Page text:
Safety Tips for Summer Related Activities<br />
Safety Tips for Summer Related Activities
Safety Tips for Summer Related Activities

Safety Tips for Summer Related Activities

 

Summer is here, the best time of the year for outdoor activities. Here are some tips to avoid any accidents and other risks associated with summer related activities.

 

The dangers of heat stroke and the sun to children

 

Infants and children up to 4 years of age are at greatest risk of heat stroke. So it’s important to keep an eye on them during any outdoor activities (especially if the sun is out and there is no shade). Even children in excellent health can get heat stroke while participating in physical activities during the hot summer months. The best defense is prevention.

 

  • Neither children nor pets should be left alone in a parked car during the day for any period of time.
  • Dress infants and children in loose, lightweight, light-colored clothing.
  • Schedule outdoor activities in the early morning and evening hours.
  • Make sure you know where the nearest hospitals are located and go to a hospital immediately if your child has symptoms of heat-related illness.
  • Use sunscreen with at least SPF (sun protection factor) 15 and UVA (ultraviolet A) and UVB (ultraviolet B) protection every time you and your child go outside.

 

Use the 20-Minute Rule

 

Keep a cooler handy to keep drinks ice cold and drink water at least every 20 minutes. To prevent heat stroke, adults and children should stay hydrated when outside especially if the activities take place somewhere with little or no shade. During activities less than one hour, water alone is fine, but if you’re going to be outside for more than an hour, consider having a sports drink to replenish electrolytes.

 

Preventing Injuries

 

ER’s treat more than 200,000 kids ages 14 and younger for injuries related to playground activity. Slip and falls at home and on the playground are a common cause of injury.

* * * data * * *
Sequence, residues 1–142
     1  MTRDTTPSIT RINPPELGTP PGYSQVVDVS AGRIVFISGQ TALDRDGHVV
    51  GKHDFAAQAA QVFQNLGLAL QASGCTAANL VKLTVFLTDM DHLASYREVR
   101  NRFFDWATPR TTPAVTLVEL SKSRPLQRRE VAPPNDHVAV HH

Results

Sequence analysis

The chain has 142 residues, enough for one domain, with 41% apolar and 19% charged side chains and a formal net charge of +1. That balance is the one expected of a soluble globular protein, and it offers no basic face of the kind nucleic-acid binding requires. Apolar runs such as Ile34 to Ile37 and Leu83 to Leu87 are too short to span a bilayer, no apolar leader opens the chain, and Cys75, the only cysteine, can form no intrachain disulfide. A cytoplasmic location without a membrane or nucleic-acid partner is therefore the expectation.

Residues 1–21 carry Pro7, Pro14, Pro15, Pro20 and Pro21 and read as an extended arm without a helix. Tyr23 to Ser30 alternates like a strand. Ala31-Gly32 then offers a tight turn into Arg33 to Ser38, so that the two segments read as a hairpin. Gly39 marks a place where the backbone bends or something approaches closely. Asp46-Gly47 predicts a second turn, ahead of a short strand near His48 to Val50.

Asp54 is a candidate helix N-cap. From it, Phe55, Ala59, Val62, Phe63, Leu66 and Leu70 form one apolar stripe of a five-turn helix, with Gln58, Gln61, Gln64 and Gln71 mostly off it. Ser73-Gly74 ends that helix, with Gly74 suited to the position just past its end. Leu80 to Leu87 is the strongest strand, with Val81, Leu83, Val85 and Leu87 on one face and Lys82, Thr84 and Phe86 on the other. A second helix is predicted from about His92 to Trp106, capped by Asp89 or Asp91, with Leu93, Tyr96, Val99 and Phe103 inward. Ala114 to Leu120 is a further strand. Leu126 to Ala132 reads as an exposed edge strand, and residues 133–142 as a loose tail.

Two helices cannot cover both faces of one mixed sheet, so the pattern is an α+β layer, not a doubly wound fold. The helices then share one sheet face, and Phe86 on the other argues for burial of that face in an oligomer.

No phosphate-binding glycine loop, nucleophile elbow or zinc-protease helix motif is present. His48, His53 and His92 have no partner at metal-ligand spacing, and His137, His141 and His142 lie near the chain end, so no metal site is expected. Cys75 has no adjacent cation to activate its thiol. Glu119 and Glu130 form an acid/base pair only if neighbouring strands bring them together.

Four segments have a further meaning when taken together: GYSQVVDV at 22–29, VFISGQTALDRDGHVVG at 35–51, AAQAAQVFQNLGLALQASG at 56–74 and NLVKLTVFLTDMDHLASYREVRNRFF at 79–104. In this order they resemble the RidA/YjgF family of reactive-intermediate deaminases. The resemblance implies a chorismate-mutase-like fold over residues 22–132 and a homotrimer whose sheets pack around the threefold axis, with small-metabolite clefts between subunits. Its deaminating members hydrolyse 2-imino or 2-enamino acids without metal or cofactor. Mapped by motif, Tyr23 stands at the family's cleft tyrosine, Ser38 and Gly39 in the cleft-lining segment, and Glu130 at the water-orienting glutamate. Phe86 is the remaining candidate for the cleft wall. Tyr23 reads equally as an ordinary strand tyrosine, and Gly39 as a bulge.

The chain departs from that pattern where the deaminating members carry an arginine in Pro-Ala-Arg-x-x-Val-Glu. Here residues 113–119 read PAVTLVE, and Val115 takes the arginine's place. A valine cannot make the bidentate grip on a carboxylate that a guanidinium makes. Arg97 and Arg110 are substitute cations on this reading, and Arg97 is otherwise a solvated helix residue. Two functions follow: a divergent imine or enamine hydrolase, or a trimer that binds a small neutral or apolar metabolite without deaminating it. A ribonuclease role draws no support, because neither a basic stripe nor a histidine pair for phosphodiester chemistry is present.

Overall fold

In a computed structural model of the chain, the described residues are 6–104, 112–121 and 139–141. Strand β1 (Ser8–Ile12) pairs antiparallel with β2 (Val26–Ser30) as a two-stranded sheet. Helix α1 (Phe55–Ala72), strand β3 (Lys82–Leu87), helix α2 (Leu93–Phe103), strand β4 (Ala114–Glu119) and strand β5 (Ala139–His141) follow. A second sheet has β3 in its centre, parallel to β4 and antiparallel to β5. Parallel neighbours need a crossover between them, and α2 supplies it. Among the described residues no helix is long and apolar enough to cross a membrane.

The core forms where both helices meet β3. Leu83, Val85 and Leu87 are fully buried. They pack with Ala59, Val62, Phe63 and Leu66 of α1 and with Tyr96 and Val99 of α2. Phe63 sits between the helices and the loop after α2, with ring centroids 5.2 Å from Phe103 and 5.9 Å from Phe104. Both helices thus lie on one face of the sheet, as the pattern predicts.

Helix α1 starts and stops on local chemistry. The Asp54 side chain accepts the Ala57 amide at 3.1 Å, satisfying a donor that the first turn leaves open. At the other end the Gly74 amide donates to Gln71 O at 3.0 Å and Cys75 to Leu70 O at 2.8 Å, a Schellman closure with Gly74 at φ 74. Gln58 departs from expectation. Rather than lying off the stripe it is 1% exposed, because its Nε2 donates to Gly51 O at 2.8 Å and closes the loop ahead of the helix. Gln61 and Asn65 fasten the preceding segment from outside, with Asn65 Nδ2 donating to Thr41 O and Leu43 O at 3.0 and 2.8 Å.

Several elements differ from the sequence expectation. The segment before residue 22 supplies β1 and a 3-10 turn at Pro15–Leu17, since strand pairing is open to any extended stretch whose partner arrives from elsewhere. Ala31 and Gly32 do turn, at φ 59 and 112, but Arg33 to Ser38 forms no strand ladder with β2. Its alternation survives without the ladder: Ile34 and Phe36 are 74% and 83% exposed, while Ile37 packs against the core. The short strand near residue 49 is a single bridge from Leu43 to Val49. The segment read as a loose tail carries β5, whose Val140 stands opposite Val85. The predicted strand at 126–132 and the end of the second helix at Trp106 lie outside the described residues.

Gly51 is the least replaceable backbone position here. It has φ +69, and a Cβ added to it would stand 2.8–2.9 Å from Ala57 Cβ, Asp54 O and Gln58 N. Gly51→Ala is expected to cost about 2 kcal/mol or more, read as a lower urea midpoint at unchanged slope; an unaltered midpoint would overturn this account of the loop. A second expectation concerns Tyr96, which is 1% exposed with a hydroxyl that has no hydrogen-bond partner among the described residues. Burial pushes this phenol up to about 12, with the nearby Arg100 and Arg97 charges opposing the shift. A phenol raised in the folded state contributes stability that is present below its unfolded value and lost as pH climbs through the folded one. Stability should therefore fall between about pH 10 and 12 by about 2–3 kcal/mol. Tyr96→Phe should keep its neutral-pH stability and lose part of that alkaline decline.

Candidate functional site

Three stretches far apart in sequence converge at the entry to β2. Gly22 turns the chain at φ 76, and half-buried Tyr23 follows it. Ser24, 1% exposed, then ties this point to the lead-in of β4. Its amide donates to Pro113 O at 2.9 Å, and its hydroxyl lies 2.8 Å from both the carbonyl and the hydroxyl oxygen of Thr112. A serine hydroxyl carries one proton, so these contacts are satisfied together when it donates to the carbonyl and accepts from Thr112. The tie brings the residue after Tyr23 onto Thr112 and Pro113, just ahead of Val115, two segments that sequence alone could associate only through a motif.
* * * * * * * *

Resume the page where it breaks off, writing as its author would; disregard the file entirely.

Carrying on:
• Supervise young children at all times around hazards such as stairs and playground equipment.
  • Prior to children using playground equipment check and feel how hot the surfaces are. Some equipment such as playground swings and slides could be scalding hot, causing severe burns.
  • Take head injuries seriously. Learn to identify concussion signs and symptoms and what to do if a concussion occurs. Concussions can occur during any sport or play related activity.
  • Make sure kids and teens wear the right protective equipment while engaging in their favorite sport.

 

Looking to protect your home, school, or other locations where kids are at play? Call 305-418-9214 to schedule elite security guard protection from Pro-Secur.

Sources:

  1.    https://www.cdc.gov/extremeheat/warning.html
  2.    https://kidshealth.org/en/kids/summer-safety.html
  3.    http://www.webmd.com/a-to-z-guides/heat-stroke-symptoms-and-treatment
  4.    https://www.hopkinsmedicine.org/healthlibrary/conditions/pediatrics/sports_injury_statistics_90,P02787
  5.    https://www.cdc.gov/concussion/sports/recognize.html
  6.    https://www.cdc.gov/concussion/what_to_do.html

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